Two advocacy groups are very upset with U.S Food and Drug Administration’s decision to fast forward the publication of the clinical trail data that helped Gilead Sciences Inc win approval for two of their hepatitis C drugs.
Yale University’s Global Health Justice Partnership and the Treatment Action Group (an non-profit AIDS organization) are suing FDA on grounds of lack of information provided for the two drugs, Harvoni and Sovaldi.
They stated in their June 25th lawsuit that doctors and patients need to have more awareness about the expensive drugs before they start prescribing/using them.
The World Health Organization has called for the release of the clinical trail data even if it results in a breach of patient confidentiality or propriety research.
Complain filed in federal court in New Haven states that Harvoni and Sovaldi each cost a staggering $94,500 and $84,000 for 12 weeks of treatment. This out a huge strain on the strain budget and prompts insurers to restricts patient access.
FDA responded in saying that it requires 1 ½ to 2 years to decide whether it is okay to disclose the information, meanwhile Gilead has ignored requests for handing out the clinical trail data.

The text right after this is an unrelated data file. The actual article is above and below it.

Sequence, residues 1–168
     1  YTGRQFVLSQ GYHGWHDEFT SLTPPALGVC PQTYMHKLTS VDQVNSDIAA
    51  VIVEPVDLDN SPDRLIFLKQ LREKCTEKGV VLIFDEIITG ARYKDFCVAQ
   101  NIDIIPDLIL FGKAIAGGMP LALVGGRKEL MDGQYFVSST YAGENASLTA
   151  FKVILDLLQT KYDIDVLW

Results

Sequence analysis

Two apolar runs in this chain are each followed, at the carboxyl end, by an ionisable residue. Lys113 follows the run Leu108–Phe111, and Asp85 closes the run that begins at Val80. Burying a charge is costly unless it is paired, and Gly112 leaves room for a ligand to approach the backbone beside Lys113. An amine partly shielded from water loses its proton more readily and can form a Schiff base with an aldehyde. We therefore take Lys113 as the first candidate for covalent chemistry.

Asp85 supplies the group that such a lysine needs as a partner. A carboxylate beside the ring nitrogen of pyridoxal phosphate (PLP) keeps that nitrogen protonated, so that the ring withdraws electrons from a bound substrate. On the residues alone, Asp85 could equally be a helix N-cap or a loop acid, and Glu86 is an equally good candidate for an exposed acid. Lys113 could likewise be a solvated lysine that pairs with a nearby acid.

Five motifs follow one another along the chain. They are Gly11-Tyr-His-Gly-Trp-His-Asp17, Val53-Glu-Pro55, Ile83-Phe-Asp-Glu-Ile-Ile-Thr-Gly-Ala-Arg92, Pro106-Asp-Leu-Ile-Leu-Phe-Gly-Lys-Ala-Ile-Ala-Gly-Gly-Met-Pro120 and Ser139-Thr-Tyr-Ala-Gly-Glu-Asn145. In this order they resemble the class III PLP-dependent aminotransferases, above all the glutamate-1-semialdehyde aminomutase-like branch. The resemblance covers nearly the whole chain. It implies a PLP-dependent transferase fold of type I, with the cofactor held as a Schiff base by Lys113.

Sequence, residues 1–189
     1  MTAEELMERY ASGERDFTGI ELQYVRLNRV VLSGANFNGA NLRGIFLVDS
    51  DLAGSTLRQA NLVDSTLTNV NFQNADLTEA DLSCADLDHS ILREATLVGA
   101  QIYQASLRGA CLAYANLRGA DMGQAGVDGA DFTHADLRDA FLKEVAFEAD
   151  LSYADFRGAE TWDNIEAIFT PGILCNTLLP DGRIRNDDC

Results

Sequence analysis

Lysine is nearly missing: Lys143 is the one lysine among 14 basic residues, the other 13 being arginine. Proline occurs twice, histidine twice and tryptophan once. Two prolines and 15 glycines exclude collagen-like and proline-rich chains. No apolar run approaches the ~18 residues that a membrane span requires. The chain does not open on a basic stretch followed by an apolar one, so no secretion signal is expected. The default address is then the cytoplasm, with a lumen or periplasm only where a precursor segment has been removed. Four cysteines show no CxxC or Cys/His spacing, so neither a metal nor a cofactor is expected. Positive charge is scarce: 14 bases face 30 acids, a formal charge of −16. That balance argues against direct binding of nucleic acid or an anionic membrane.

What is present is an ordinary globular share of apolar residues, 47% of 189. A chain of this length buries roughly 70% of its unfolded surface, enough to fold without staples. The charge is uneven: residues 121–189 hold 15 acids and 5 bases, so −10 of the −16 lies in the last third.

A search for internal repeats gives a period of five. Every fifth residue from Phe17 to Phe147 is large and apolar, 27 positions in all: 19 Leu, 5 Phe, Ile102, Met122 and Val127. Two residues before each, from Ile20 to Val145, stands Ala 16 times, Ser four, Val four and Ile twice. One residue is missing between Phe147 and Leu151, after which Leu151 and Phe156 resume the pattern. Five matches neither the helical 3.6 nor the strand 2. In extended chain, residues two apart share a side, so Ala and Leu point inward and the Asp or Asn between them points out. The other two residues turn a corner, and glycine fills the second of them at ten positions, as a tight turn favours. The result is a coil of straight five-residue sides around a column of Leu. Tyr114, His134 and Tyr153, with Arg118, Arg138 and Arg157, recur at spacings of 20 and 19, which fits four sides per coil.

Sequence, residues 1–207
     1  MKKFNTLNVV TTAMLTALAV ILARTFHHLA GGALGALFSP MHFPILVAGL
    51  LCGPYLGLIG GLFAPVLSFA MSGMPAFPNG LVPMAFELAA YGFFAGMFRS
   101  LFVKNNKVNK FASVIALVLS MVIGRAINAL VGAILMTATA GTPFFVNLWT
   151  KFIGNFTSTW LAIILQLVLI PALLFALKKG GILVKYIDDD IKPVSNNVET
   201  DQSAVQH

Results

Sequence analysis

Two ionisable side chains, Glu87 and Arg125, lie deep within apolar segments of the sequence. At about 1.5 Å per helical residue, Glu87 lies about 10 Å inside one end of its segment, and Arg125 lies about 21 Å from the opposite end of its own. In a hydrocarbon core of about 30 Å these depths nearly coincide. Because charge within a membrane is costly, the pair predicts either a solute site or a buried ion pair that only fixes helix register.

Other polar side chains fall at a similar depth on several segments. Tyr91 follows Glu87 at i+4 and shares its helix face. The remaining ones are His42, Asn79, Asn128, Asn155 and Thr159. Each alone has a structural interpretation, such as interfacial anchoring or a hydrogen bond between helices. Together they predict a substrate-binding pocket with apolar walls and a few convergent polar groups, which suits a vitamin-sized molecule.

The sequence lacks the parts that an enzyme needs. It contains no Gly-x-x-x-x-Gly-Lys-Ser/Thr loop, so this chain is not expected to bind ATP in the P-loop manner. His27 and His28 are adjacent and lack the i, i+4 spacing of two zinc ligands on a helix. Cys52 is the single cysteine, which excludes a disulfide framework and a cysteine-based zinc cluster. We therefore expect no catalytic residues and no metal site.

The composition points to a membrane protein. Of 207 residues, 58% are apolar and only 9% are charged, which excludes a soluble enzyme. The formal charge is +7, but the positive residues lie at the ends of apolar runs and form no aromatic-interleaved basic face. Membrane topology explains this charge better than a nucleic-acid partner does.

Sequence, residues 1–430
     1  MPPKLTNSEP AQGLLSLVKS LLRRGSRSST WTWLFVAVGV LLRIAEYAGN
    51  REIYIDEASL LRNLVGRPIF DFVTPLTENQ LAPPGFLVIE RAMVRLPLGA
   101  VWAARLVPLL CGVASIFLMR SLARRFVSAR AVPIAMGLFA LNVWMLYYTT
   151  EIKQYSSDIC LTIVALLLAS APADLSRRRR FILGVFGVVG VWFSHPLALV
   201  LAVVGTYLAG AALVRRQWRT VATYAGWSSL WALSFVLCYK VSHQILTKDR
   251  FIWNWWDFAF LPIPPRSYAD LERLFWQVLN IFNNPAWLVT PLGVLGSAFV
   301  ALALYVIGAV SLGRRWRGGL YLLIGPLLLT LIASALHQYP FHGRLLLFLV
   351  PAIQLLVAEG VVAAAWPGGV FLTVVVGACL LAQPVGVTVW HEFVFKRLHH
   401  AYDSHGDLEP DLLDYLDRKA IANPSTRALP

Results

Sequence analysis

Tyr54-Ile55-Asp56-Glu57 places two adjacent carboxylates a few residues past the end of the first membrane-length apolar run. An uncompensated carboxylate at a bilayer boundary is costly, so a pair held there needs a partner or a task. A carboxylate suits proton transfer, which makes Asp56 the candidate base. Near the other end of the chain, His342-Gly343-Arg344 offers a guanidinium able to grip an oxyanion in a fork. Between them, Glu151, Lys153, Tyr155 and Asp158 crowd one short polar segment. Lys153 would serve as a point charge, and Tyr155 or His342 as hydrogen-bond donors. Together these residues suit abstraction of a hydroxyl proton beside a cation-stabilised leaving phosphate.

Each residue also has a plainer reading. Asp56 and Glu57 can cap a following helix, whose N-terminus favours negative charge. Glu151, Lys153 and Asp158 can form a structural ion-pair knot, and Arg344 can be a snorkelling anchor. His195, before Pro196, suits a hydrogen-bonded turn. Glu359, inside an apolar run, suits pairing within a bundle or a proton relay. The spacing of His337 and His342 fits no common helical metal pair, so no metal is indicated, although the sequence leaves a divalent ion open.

The complaint in court stated, “Unless defendants disclose the requested information, hundreds of thousands more patients will be treated with drugs whose safety, efficacy, and cost effectiveness cannot be fully studied or understood.”
60% of Gilead’s revenue was derived, from January to March, by the two drugs. The company made $4.55 billion from Harvoni and Sovaldi.
Gilead, based in California, was not sued. Only FDA is on trail.
The approval of Solvadi came in December 2013 and Harvoni was approved in October 2014.
New hepatitis C treatments were included in ‘essential medicines’ list in May by the WHO.
The case is Treatment Action Group et al v. FDA, U.S. District Court, District of Connecticut, No. 15-00976.